Some of the sleek new veneer complements the Western colonial architecture that remains from Shanghai's heyday in the early part of the 20th century, when it was among the most exciting cities on the planet. Back then, Shanghai was a freewheeling port city filled with gamblers, prostitutes, gangsters and foreign businessmen who, by virtue of government treaties, lived by the rules of their home countries or none at all.
Known at the time as the "Whore of the Orient," Shanghai has the distinction of being not only a destination but also a verb. Webster's Dictionary defines it as "to kidnap, usually by drugging, for service aboard ship."
SHANGHAI FOR VISITORS
Last fall, when Julie's father, Nick, and stepmother, Anita, told us they were coming to visit from Towson, we decided to show them the city's new face. Ordinarily, booking a room is easy. Shanghai has hundreds of hotels and some are first-rate. I usually call the Peace, a legendary art-deco hotel that sits along the riverfront and has stained-glass windows and bellhops in pillbox hats.
This week, though, Shanghai was playing host to an international tourism festival to give travel agents a glimpse of its new incarnation. After about 15 phone calls, we stumbled into the Central Hotel Shanghai, which overlooks Nanjing Road. Nick's and Anita's room was on the 23rd floor. The window curved around to give them a panoramic view of the pulsating street. They stood by the glass and marveled at the energy below. The trip was off to a good start.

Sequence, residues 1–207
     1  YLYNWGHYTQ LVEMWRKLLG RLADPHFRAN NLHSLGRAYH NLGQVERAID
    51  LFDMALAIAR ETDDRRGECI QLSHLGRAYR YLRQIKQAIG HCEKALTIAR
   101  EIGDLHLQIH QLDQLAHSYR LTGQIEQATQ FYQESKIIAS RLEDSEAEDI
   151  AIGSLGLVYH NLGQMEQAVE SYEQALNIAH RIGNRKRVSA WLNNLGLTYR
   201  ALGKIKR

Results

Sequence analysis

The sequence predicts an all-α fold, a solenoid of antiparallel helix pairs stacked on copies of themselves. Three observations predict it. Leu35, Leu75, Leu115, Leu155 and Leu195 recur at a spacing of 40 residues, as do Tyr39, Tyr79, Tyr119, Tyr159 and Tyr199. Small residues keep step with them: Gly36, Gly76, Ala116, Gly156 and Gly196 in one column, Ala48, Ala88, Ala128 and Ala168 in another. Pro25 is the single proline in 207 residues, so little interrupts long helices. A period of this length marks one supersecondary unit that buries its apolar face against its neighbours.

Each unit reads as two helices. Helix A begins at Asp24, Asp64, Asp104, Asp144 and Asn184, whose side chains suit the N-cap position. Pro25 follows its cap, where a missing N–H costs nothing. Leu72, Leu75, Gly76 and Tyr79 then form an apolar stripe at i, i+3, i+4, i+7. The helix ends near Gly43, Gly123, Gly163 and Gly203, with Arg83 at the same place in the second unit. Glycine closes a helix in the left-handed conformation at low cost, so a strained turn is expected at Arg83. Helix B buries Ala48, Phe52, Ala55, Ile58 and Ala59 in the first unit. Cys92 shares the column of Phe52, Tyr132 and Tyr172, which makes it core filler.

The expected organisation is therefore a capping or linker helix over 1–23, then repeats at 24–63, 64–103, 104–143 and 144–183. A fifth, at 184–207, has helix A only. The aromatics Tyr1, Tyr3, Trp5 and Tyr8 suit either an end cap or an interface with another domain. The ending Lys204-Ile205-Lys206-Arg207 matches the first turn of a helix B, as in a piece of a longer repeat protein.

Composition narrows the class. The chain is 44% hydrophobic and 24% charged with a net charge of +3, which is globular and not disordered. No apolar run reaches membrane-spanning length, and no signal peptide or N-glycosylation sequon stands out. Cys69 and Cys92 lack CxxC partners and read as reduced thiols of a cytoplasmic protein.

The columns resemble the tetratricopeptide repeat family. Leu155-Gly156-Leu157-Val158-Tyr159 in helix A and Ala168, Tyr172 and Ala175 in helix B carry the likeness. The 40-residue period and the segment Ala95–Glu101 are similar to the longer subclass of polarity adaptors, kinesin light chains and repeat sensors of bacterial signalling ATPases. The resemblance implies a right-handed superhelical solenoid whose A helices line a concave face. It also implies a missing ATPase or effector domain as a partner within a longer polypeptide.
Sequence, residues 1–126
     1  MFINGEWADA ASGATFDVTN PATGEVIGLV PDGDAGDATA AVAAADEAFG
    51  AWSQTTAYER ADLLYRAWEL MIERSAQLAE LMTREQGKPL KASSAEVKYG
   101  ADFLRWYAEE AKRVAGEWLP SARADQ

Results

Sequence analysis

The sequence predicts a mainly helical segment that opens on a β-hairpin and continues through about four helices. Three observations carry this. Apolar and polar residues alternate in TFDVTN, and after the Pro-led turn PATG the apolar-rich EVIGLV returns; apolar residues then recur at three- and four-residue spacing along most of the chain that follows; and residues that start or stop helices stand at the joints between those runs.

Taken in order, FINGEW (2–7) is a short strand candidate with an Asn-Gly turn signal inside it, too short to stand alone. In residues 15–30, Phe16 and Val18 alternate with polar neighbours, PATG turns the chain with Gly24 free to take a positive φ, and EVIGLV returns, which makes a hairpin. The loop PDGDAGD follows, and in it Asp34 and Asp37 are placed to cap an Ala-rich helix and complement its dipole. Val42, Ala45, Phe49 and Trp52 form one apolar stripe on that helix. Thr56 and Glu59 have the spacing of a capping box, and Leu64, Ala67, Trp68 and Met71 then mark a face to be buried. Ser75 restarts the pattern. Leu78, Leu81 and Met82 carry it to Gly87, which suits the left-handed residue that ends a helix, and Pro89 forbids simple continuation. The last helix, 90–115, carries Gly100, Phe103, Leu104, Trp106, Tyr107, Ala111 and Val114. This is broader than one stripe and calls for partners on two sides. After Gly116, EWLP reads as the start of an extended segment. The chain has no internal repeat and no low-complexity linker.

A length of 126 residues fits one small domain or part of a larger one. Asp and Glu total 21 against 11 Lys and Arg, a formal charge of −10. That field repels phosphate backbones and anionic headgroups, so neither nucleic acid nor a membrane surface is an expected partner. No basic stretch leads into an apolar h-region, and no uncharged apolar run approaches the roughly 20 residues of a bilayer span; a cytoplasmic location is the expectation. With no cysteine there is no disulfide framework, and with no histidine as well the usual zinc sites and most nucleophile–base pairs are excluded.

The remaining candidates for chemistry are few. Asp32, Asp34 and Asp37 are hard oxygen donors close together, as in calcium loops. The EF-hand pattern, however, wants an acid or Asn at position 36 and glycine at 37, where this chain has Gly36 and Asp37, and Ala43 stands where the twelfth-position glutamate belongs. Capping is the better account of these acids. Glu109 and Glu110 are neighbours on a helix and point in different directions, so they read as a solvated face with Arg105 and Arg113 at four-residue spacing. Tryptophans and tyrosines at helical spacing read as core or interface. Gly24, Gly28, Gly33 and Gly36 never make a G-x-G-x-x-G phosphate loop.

We decided to take Julie's parents on an abbreviated "Best of Shanghai Tour." Over two days, we ate lunch at M on the Bund -- a trendy restaurant overlooking the waterfront -- strolled through the old French Concession, dined at an Italian restaurant atop the Jin Mao Tower, browsed through an art gallery, shopped at an antiques market and visited the Ming Dynasty-style Yu Gardens. Had we had more time, we would have visited other places, including the Shanghai Museum, which has a terrific collection of Ming and Qing dynasty furniture, and the Grand Theatre, the city's new opera house in People's Square.
We arrived at Shanghai's Hongqiao Airport on a Wednesday night and grabbed a taxi. Enveloped in traffic from the tourist convention for about half an hour, we finally broke free and sped up onto the Yanan Road elevated expressway. Five stories above the ground, we rolled past Shanghai's futuristic skyline, which looks like a forest of razor blades set against the night sky.
As we approached the city center, the driver banked into a turn and we dropped down onto the Bund, an imposing stretch of neo-classical architecture that lines the banks of the Huangpu.
One day -- when Shanghai and China are much wealthier -- the Bund will join the waterfronts along the Seine, the Hudson and the Thames as among the world's greatest. At night, with the neglect of decades of Communism hidden in the shadows, it is still striking. Footlights illuminate the soaring Greek columns and molded balconies juxtaposed with signs in sloping Chinese characters.